If the effort to lift the DPA is ultimately unsuccessful, DiDomenico said there will be no soccer stadium on the site.

“And I fear we will see what we see on that site now in the next five, 10, 15 years – a dirty power plant with smokestacks sitting on a waterfront with no public access,” said DiDomenico. “I don’t know who else would come into a community and spend $60 million-plus to clean up the land.”

The power plant site would be more expensive to clean up than the Encore casino property, he added.

The present plans for the soccer stadium call for a 25,000-seat stadium with limited parking.

“There has to be a robust public transportation infrastructure in place,” said DiDomenico. “That is all going to be part of the process after the DPA is lifted.”

DiDomenico noted that there are a number of public transportation improvements for the area that are already part of Everett’s agreement with the casino.

The proposal to lift the DPA was initially in a supplemental budget bill that did not make it through the House.

“They had some questions about different things and wanted to have some more time,” DiDomenico said. “The next step would be for me to file a standalone bill that will entail a hearing for the public and will go through the committee process.”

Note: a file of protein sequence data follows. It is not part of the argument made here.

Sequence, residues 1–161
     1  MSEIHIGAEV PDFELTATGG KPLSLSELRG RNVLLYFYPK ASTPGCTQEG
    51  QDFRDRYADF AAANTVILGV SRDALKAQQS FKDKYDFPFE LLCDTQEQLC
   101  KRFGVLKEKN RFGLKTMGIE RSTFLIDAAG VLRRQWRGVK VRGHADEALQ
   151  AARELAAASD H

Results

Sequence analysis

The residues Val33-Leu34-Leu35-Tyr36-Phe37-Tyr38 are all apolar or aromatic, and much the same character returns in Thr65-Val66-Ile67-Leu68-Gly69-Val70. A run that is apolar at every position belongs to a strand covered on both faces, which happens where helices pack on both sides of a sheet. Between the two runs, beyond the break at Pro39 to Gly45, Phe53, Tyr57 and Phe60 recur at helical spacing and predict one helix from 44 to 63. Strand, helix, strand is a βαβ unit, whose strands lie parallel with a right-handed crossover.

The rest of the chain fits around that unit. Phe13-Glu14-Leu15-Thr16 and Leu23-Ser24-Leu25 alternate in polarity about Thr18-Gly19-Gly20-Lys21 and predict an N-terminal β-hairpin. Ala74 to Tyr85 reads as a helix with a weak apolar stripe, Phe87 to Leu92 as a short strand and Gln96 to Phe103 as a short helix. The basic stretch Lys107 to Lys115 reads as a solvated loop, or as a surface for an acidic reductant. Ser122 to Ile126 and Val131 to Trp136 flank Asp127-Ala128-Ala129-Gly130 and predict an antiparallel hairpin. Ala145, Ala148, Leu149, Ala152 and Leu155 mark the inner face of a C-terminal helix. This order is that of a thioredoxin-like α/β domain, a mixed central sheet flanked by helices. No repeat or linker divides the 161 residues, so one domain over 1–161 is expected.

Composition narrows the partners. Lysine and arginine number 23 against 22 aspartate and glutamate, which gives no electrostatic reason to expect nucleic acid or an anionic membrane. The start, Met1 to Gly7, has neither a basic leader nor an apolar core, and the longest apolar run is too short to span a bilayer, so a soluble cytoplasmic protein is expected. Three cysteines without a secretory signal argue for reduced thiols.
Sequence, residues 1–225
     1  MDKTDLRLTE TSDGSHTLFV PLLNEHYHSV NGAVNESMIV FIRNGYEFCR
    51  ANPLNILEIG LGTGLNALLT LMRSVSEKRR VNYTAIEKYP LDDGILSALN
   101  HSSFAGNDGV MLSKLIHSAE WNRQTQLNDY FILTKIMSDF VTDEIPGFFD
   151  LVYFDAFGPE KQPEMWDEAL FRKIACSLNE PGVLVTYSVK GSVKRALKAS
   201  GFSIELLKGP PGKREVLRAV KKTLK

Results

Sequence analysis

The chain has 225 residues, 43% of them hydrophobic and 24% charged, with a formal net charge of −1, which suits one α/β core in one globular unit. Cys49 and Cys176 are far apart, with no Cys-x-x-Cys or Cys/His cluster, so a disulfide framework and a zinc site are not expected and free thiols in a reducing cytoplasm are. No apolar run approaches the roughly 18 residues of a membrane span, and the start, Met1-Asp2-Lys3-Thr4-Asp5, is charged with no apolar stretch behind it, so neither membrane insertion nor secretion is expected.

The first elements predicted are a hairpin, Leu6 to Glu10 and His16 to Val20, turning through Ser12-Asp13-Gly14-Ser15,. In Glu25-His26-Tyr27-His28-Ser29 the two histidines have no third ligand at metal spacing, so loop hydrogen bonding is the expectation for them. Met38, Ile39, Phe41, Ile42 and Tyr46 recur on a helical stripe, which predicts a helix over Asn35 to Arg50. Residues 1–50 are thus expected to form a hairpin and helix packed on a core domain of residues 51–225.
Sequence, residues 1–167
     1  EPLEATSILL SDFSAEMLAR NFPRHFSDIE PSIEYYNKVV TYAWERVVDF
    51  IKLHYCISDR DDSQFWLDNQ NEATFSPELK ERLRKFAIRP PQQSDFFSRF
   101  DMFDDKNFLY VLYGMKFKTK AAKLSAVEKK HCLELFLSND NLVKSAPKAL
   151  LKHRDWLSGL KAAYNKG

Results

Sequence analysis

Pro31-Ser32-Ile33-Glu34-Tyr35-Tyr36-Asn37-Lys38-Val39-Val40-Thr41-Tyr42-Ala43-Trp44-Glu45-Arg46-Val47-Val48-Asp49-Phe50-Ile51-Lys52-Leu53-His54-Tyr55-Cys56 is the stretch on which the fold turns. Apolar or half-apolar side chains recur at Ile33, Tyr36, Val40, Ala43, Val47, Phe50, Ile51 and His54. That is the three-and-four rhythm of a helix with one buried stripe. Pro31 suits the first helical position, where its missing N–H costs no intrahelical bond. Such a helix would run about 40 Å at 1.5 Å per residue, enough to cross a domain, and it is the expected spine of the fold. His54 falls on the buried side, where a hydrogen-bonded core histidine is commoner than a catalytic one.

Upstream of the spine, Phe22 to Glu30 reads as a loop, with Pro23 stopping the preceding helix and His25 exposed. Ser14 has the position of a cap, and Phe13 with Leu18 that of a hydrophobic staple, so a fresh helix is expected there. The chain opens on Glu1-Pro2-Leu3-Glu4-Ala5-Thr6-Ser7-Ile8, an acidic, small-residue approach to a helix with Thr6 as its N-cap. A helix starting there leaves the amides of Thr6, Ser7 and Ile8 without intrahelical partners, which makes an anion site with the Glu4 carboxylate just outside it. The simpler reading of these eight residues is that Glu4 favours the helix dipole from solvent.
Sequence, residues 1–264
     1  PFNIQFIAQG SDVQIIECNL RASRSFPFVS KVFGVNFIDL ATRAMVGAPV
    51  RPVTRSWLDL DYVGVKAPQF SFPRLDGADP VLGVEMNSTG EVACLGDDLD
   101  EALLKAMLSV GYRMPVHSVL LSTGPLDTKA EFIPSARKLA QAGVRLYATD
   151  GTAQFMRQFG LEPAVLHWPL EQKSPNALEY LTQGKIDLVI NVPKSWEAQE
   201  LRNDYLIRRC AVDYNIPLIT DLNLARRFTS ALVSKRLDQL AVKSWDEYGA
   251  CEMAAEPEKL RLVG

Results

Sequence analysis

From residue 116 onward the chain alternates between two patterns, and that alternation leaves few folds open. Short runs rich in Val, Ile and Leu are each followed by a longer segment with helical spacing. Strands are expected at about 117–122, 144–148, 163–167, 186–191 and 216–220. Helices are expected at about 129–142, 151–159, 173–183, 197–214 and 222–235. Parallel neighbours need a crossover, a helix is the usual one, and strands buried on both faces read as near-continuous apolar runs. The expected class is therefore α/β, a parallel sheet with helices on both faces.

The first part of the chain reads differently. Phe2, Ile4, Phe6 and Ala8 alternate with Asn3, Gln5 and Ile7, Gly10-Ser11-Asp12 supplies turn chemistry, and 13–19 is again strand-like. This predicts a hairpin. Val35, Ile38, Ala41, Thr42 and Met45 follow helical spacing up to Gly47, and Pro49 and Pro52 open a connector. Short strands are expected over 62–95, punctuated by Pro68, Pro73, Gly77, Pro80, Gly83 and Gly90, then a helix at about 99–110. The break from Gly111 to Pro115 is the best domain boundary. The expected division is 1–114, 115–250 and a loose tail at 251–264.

That process could take several months, he said.

Councilor-at-Large Damali Vidot said she understood the need to have positive development on the property rather than an abandoned power plant, but said Chelsea needs to be a part of the conversation about what happens on the site.

“The concern is the impact it has on the quality of life for our residents,” she said.

District 1 Councilor Todd Taylor noted that there are many people in the city who are concerned about the mitigation process.

“It seems like a lot of communities around us aren’t really stepping up to the plate on a lot of different issues,” said Taylor. “Chelsea is in kind of a unique situation and we have problems getting enough state funding as it is.”

Taylor said he supports economic activity, but that he doesn’t want Chelsea left behind when it comes to being able to afford taking care of infrastructure and other issues.